By Jill Smith
Marcel Bastiaans started painting when he was eight years old. Realizing that he was different at a young age, he took his childish spontaneity and uncontrolled emotion into his future career. His artworks are positive, joyful, based on dreams, on freedom. The recurrent image of a bird symbolizes that freedom. He is willful; he paints what he wants to paint, and the way he wants to paint it. Each work is a copy of the original in his mind; a combination of emotion, realism, and abstraction. There is a recognizable element, de-contextualized, and integrated into a new, graphical environment, entirely based on the artist’s impression and preference.
He uses acrylic and oil paint, gold leaf and shell, and applies several thin layers on the canvas. Colors contrast with each other, and therefore at the same time, they are in balance. You can see the stratification in each work: firm lines are intersecting; they create a grid; a pattern of squares, now and then confidently filled with a color that covers certain parts of a realistic subject. Those unusual colors prove that Bastiaans sees reality as an illusion, it can be changed.
A warm yellow, almost like honey, is the central color in Great Tit, supported by purple, sky-blue, white, and black squares. The black, brown, and orange lines – some of them are parallel, others are not–almost seem to create a birdcage, but they do not enclose the image of the bird. The fragile bird is combined with brutally shaped rectangles, dominating the painting, until the subject disappears and the environment becomes the center of the attention. By using similar colors, and larger open areas, there is a lot of breathing space in this work. The bird looks into the direction of that open space, its beak resting upon one of the horizontal lines. It is a captivating piece.
In Energy! the fresh green and purple are balanced. Nevertheless, you can sense a kind of creative madness. Black, white and red squares catch the eye, covering specific areas of Albert Einstein’s face, like patches. Einstein, of course, be- ing one of the preeminent thinkers of the 20th century, is depicted in a very playful manner. After all, he did state, “Imagination is more important than knowledge.”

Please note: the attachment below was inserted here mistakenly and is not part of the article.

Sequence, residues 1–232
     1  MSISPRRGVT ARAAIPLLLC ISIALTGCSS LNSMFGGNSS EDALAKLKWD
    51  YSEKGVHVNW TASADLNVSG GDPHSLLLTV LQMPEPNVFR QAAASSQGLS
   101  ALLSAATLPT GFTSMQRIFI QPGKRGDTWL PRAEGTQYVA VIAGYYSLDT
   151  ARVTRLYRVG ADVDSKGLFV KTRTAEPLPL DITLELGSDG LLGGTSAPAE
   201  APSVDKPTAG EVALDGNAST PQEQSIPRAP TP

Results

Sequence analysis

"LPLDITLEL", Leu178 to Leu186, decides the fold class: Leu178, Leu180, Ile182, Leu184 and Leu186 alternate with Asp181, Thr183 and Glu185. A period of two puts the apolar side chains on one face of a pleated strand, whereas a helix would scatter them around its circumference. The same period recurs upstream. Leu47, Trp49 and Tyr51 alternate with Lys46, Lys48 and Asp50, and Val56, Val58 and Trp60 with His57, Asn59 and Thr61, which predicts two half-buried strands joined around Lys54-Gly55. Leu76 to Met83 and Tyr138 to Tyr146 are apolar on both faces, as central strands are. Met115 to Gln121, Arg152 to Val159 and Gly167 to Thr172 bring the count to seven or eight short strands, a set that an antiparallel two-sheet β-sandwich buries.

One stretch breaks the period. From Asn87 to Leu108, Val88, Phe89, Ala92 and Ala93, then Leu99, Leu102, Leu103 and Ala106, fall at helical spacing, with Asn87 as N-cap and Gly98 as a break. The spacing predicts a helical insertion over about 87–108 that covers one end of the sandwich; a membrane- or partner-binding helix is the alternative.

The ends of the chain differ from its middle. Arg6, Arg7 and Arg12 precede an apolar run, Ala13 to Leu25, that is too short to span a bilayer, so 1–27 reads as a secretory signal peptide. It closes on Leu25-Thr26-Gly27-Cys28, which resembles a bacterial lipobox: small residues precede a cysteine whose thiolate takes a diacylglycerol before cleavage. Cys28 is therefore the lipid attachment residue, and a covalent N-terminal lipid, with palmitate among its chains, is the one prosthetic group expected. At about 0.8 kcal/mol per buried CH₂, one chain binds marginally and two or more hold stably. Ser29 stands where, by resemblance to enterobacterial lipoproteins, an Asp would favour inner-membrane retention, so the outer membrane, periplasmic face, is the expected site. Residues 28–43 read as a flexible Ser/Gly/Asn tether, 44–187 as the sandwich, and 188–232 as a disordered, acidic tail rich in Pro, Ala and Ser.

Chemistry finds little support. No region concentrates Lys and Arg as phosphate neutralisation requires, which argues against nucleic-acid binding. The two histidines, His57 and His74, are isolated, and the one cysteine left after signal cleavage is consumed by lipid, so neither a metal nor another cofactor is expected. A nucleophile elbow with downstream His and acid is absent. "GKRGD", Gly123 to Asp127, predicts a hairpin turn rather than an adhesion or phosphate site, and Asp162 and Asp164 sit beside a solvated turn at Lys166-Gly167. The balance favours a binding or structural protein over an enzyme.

For knowledge is limited to all we now know and understand, while imagination embraces the entire world, and all there ever will be to know and understand.” Even when he is not using the characteristic maze in his artworks, Bastiaans is still referring to squares and rectangles. Sometimes he uses them to build an idea of a city, as a background for a robin. Sometimes he just uses vertical lines, to indicate a direction. The results are forceful directional lines that capture great movement. I recently interviewed Bastiaans to find out more about his wonderful work.
Courtesy of the artist.
Jill Smith: Your starting point seems to be reality, which you de-contextualize by using unusual colors or an abstract frame- work. Is that approach based on your impression of that reality?
Marcel Bastiaans: Yes. For me, reality is an illusion. “You are what you think.” And that can be changed all the time. I create a ‘flick-flack’ effect. The subject pops up. Then the rest, or a part, of the painting follows…. The subject disappears. And then it goes the other way round. Everything is knitted together by lines, abstract shapes and characters and become one thought, which can also change. So reality changes all the time. It is what you think, see or become aware of. It is a game of focusing. What do you want to see!
About my colors: A pink tree is still a tree…. I play with colors and contrasts for a bigger impact and larger understanding of myself. Therefore, this fragility near brutal and harsh shapes combinations is a way to make image silent and loud, as light faces dark, making both sides scream for attention!
JS: What are you working on right now? And are there any new projects coming up?
Courtesy of the artist.